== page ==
Testimony urges swift action on planned racino
AUSTINTOWN – As a large addition to St. Elizabeth Health Center in Boardman and V&M Star’s massive construction project in Youngstown begin to wind down, area trades crews had been planning to move soon into Austintown to begin construction at the Hollywood Slots at Mahoning Valley Race Course.
Instead, many now are looking for work in Pittsburgh, Don Crane, president of the Western Reserve Building Trades, told members of the Ohio legislature gathered Thursday for an informal hearing of the Senate Workforce and Economic Development Committee at Austintown Township Hall.
The more than $125 million racino project remains on hold after the Ohio Race Commission called the spectator seating plans submitted by track owner Penn National Gaming insufficient and refused to grant a license.
“The cool thing about this project is that we were hoping to roll off the V&M project, where they have been working the last two or three years,” Crane said. “As soon as these shovels hit the ground here, all of us started getting phone calls. Now they are going to be calling around to Pittsburgh or other big projects.”
The Senate committee held the special session here this week and one last week in Dayton, the site of another planned racetrack being held up for the same reason. The goal was largely to educate and help promote a compromise between Penn National and Ohio Race Commission members.
Testimony came from a local hotel and restaurant, a local Realtor, the Regional Chamber, elected officials, horsemen and even an Ellsworth Township trustee pointing out the agricultural gains the track would provide for local farmers who provide hay and grain for feed.
During his testimony, Crane noted that builders already had begun stockpiling necessary supplies.
“You gear up and build your warehouse knowing that there are going to be horse barns and stalls, offices with drywall, copper – there are a lot of materials I am quite certain have been prepared,” Crane said.
W. Randy Painter, project executive for construction manager Turner Construction Co., said his company is operating in a “suspension period.” He said they are not awarding contracts, but rather are working on things like soil and site preparation. The site work began here in late December and officials had hoped by now to be awarding contracts and starting construction.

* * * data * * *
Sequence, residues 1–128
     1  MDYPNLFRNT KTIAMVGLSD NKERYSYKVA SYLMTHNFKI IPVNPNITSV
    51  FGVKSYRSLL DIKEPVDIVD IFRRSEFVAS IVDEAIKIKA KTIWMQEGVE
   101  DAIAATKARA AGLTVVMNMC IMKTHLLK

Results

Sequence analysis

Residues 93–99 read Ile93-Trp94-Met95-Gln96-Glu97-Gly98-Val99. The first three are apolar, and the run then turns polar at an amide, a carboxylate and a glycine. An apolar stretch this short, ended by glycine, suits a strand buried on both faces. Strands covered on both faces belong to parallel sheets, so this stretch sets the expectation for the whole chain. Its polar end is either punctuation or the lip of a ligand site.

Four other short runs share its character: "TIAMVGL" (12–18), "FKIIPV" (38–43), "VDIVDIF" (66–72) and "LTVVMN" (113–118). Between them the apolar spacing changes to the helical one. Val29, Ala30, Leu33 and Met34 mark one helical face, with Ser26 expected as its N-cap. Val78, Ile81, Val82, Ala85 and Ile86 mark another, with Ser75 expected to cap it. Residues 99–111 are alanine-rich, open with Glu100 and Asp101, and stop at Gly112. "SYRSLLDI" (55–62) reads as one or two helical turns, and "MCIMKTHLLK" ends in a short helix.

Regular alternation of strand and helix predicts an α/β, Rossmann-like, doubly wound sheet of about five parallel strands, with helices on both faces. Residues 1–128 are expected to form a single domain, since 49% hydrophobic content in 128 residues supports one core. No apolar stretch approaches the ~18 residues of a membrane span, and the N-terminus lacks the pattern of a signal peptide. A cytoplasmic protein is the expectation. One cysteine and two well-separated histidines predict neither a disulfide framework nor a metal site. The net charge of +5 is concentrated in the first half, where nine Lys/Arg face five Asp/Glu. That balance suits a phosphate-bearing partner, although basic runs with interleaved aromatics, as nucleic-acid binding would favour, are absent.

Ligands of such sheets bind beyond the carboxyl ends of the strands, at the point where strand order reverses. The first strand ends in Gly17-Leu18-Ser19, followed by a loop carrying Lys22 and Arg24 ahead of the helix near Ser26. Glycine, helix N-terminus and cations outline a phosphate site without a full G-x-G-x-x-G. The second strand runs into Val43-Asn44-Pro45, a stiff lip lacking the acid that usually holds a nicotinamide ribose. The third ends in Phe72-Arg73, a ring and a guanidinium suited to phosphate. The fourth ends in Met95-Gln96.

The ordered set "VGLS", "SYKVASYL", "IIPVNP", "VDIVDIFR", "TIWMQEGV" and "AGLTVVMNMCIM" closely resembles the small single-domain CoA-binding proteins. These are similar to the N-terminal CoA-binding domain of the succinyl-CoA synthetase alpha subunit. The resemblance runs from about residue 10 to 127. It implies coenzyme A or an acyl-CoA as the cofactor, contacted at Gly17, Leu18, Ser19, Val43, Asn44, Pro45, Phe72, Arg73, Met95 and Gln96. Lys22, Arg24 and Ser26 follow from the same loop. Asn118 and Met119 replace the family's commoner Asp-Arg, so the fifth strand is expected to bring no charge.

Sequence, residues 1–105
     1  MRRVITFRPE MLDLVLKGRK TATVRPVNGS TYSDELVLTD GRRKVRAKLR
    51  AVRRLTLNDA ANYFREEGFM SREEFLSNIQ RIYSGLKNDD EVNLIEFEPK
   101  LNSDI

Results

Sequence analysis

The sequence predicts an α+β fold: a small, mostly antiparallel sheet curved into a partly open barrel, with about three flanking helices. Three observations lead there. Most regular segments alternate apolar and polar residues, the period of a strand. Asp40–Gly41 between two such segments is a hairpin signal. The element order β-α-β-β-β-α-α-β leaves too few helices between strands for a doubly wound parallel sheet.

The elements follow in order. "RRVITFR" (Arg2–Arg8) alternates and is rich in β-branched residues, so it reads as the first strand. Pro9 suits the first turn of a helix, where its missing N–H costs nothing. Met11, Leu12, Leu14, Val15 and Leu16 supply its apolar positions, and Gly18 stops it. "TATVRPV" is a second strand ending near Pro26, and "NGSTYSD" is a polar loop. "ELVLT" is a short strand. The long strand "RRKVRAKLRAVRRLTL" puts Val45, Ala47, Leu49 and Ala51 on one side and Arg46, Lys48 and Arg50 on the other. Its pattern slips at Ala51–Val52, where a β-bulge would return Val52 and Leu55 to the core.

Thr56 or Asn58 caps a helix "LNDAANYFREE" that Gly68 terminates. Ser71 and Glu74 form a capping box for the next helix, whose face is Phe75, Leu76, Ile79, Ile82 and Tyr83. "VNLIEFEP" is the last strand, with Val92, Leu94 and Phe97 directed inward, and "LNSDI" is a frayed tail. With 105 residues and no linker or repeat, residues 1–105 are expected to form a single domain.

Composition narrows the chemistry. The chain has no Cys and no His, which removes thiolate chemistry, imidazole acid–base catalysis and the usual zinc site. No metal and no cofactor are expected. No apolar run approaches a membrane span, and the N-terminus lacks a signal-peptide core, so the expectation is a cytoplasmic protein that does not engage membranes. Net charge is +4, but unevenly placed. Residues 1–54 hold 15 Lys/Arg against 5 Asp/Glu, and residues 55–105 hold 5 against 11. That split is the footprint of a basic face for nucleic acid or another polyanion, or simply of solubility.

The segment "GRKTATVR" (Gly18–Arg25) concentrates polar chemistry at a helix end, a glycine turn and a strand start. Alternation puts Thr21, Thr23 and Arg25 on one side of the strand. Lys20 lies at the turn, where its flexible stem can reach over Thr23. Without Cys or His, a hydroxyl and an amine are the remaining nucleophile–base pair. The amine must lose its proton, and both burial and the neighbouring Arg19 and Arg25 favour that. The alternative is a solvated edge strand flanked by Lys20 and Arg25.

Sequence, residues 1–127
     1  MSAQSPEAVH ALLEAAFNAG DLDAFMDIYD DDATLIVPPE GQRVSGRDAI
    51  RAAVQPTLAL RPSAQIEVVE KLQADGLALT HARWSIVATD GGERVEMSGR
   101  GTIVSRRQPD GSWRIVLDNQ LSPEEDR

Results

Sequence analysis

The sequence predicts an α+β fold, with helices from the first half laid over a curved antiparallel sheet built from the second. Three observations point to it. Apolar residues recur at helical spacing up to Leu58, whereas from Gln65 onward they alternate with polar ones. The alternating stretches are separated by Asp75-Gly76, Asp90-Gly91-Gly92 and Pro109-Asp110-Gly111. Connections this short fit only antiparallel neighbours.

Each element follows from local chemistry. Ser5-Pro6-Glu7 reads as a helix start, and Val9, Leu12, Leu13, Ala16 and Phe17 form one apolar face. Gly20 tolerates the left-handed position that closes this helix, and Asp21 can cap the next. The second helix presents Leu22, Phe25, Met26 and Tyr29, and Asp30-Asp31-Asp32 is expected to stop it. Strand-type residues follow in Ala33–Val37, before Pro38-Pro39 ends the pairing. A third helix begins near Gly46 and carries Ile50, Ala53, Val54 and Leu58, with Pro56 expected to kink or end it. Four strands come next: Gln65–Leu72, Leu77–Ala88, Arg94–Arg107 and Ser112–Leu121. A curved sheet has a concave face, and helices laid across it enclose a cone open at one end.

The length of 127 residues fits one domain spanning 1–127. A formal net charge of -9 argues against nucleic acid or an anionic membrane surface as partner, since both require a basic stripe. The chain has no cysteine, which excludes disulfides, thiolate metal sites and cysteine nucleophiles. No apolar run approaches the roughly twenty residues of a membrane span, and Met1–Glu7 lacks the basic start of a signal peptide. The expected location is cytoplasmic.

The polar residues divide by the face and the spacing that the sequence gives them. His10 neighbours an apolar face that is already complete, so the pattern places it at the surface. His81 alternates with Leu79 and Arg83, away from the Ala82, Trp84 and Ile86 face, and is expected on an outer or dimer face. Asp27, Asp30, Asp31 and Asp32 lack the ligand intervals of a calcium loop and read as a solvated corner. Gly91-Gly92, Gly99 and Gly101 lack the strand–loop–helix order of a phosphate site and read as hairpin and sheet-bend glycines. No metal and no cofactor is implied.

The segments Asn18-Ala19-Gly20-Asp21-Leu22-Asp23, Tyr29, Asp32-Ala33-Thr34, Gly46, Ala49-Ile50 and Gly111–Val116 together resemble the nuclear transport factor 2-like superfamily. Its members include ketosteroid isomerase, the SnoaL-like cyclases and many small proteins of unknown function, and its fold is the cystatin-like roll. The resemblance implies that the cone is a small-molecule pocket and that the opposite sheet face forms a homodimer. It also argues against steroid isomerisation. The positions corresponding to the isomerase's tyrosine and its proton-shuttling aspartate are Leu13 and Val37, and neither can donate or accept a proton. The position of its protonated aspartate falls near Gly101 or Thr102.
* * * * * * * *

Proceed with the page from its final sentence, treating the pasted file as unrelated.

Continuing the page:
Instead, Penn National Gaming spokesman Bob Tenenbaum said the company has sent its architects back to the drawing board to add about 650 climate-controlled seats to the 518 indoor seats they already had proposed. That, he said, will set the project back four to six months.
“We told them we think this is what the market supports. We would love to be proven wrong,” Tenenbaum said.
He said the company is willing to accept, as a condition of licensing, an agreement to revisit and increase seating numbers based on attendance after opening.
But three representatives of the Ohio Horsemen’s Benevolent and Protective Association offered testimony supporting not only increased seating but also additional horse stalls and jockey dormitories.
“If I were just a fan and I went to this proposed facility and I couldn’t get a sandwich and spread out my papers and watch the race, I am going to go home and watch the race,” said organization executive director Dave Basler.
Basler and Cleveland-area trainer Robin Schuster testified that the 500 horse stalls proposed for the track are also insufficient.
Schuster estimated that 320 horses will race each week. Because she said thoroughbreds race only once every two to four weeks, 500 stalls would be insufficient to house enough horses.
“I am confident we will have stall applications for over 2,000 horses. Ideally there would be 1,500 (stalls). We are saying 1,100 and think that is a reasonable number,” Basler said.
Both Basler and Tenenbaum said they doubt the horse stall issue will hold up the project, and said they are in negotiations to increase that to a more agreeable number.
Sen. Tom Sawyer, D-Akron, who attended the hearing, suggested that additions and changes can be made to the plans in the future.
“I would argue that the ‘perfect’ is becoming the enemy of the ‘good,'” Sawyer said. “I think this has enormous opportunity to begin.”
Following Thursday’s hearing, committee member and state Sen. Joe Schiavoni, D-Boardman, said he planned to call the chairman of the Ohio Race Commission prior to next week’s race commission meeting to urge cooperation and compromise.
“It’s two groups that have different interests that are digging their heels in,” Schiavoni said.